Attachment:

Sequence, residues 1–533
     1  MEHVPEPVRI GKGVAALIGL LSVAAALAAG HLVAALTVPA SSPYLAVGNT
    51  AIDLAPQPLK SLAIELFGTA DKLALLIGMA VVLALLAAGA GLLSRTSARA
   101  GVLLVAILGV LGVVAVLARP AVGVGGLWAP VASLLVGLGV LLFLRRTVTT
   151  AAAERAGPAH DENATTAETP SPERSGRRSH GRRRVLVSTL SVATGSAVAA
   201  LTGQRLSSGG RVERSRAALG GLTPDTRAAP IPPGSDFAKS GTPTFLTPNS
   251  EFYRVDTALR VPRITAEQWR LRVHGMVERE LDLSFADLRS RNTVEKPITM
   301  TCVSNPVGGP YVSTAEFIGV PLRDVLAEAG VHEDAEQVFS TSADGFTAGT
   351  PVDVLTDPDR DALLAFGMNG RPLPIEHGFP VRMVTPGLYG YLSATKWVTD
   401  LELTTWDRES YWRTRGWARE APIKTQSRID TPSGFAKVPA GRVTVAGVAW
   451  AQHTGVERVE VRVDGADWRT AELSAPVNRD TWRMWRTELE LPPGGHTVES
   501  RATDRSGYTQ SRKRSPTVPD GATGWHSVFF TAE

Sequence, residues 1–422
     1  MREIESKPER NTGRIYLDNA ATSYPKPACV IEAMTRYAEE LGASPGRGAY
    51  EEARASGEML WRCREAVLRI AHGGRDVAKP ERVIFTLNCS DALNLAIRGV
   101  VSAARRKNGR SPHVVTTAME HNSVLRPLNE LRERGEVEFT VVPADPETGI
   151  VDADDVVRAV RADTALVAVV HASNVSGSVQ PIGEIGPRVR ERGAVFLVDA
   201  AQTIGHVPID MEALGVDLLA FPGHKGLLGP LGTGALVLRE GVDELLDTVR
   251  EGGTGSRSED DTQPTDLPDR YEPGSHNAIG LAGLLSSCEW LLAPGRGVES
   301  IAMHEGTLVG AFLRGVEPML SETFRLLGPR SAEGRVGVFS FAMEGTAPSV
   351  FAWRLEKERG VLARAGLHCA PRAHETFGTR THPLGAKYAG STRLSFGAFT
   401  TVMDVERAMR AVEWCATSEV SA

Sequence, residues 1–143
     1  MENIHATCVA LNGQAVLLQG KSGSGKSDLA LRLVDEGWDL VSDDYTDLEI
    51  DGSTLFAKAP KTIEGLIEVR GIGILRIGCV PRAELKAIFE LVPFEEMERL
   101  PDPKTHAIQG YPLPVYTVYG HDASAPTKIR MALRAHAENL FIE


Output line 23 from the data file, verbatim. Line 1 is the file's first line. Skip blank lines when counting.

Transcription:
Sequence, residues 1–143